You may have heard this health advice before: “Eat less processed foods” or “Shop the perimeter of the grocery store.” More specifically, in recent years, “ultra-processed foods” have gained some attention. Ultra-processed products have become common on supermarket shelves, but should you be avoiding them? In this article, we’ll explore what ultra-processed foods are, why they have raised alarm bells in the health community, and whether you should consider limiting their consumption.
Defining Ultra-Processed Foods
A lot of foods have undergone processing to some extent. Processed food is an umbrella term that describes food that has been altered in some way, usually to make preparation easier or to extend shelf life.
At the start of the spectrum, there are minimally processed food products that do not contain added sugar, salt, oil, and/or fat. Examples of minimally processed foods that tend to be a near-natural state include whole grains, unflavored nuts, raw meat, eggs, fresh fruits and vegetables, or plain milk.
In the middle of the spectrum, there are processed food products that contain added sugar, salt, oil, and/or fat. Processed foods usually contain a few ingredients in total. Examples include canned tuna, canned vegetables, or canned fruit in syrup.
At the far end of the spectrum, there are ultra-processed food products, which go beyond added sugar, salt, oil, and/or fat and also contain additives you would rarely find in a kitchen. This includes ingredients like hydrogenated oils, high fructose corn syrup, artificial colors, thickeners, artificial flavors, preservatives, and more. Ultra-processed foods usually contain lengthy ingredient lists. They are what most people think of as “junk food,” or food you shouldn’t eat all the time. Common examples include soft drinks, sweet packaged items like candy and desserts, savory packaged snacks like chips, fast food items, sausages, hot dogs, lunch meats, and microwave or instant meals.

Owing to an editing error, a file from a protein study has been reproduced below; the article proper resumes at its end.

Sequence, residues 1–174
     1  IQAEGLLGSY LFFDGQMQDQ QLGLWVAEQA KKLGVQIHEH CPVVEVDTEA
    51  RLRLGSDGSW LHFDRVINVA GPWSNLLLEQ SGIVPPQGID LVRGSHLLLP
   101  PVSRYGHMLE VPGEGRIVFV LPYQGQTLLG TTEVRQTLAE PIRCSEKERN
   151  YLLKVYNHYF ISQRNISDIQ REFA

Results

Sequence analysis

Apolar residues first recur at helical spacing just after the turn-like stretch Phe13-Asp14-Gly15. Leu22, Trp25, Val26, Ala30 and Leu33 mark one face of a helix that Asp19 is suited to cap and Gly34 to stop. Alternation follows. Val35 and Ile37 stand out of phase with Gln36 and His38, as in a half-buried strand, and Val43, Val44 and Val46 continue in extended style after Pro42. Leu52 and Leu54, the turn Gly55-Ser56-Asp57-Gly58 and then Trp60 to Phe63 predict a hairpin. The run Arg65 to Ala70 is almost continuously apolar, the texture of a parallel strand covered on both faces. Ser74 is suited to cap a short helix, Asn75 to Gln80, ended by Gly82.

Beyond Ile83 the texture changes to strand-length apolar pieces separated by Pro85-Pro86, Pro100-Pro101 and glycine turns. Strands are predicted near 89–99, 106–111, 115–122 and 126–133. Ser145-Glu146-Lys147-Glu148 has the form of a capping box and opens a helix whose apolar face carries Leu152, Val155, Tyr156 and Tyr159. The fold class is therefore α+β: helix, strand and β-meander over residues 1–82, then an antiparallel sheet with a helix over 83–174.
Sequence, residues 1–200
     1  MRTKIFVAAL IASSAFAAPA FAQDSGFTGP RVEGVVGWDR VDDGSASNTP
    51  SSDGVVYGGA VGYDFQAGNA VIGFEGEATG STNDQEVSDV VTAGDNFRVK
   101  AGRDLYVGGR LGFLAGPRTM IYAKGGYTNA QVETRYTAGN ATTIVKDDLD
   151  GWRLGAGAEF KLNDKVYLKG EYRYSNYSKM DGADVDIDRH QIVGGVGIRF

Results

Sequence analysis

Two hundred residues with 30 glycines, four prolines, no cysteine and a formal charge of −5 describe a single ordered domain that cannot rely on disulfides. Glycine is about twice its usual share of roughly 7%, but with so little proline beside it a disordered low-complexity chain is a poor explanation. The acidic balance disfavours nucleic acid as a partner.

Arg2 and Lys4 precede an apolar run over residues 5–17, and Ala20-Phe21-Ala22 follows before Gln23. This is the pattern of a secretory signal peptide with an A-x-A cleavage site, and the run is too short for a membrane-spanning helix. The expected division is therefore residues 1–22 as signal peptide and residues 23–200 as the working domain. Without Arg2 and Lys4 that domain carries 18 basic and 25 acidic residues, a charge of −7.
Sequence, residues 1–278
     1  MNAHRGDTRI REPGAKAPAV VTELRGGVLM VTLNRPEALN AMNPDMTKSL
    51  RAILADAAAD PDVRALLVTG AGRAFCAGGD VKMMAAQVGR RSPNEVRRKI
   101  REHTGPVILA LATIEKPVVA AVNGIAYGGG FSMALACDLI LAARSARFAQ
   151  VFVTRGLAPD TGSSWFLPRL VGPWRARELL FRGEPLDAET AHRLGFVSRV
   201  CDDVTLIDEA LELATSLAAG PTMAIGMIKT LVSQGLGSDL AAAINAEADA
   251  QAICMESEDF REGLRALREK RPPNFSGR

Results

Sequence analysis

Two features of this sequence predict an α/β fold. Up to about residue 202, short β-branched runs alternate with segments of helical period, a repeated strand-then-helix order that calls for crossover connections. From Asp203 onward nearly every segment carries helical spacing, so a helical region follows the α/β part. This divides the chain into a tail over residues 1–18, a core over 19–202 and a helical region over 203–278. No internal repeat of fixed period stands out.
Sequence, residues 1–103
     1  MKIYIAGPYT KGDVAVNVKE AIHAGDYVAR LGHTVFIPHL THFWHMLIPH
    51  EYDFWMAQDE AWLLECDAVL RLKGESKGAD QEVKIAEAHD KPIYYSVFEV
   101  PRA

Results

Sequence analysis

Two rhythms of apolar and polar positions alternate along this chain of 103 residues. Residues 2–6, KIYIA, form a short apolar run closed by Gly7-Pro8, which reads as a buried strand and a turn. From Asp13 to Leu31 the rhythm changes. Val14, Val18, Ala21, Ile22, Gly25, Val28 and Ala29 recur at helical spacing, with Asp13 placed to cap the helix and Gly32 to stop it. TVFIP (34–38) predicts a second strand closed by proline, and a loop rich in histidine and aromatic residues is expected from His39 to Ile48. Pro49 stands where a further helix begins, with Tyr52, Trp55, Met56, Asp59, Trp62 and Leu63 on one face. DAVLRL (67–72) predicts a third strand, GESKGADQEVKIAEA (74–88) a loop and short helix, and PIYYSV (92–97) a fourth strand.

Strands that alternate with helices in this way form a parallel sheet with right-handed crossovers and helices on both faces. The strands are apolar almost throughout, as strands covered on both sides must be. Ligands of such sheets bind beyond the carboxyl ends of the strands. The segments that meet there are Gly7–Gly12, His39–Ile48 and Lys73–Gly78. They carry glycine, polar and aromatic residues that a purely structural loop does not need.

Characteristics of Ultra-Processed Foods
Convenience and Long Shelf Life: Ultra-processed foods are designed with additives to be profitable by using low-cost ingredients, extending shelf life, and improving taste or appearance. They are often conveniently pre-packaged or require little preparation compared to their unprocessed or minimally processed counterparts. This makes them appealing to busy individuals.
Low Nutrient Density: Ultra-processed foods tend to be low in fiber and nutrients but higher-calorie due to added sugar and fat. This combination, along with higher amounts of added salt, makes them tasty but not so nutritious.
Potential Health Concerns
Some studies have linked eating higher amounts of ultra-processed foods with an increased risk of heart attack, stroke, heart disease, high blood pressure, or certain cancers. When ultra-processed foods regularly replace healthier, nutrient-dense options in your diet, it may contribute to weight gain over time.
Should You Avoid Ultra-Processed Foods?
Many foods are processed to some degree. Processing foods, in general, can increase access to food, reduce costs, increase shelf life, increase convenience, and provide diversity in your diet. It would be difficult to avoid all processed foods. The key is to choose whole foods in their natural state or minimally processed foods most of the time and include ultra-processed foods in moderation. While it is unnecessary to eliminate ultra-processed foods from your diet completely, aim to create more balance with these quick tips:
Read Labels: Choose products with a shorter ingredients list over lengthier ingredients lists when possible. If the expiration date is years into the future, that can be a sign that the food is leaning more on the side of ultra-processed.
Choose Whole Foods: Opt for whole foods or minimally processed foods when possible. Choose fresh fruits and vegetables, whole grains, lean proteins, plain milk and yogurt, plain nuts, and seeds.
Cook at Home: Reduce the frequency of eating fast food. Try to prepare meals at home more often. Use simple recipes that are time-saving but tasty.
Ultra-processed foods tend to be less nutrient-dense and may lead to health risks over time if consumed as the majority of your diet. Ultra-processed foods can be convenient or enjoyable but should be included in moderation and not make up the bulk of your daily intake. Prioritize whole foods or minimally processed foods most of the time to promote overall health and well-being.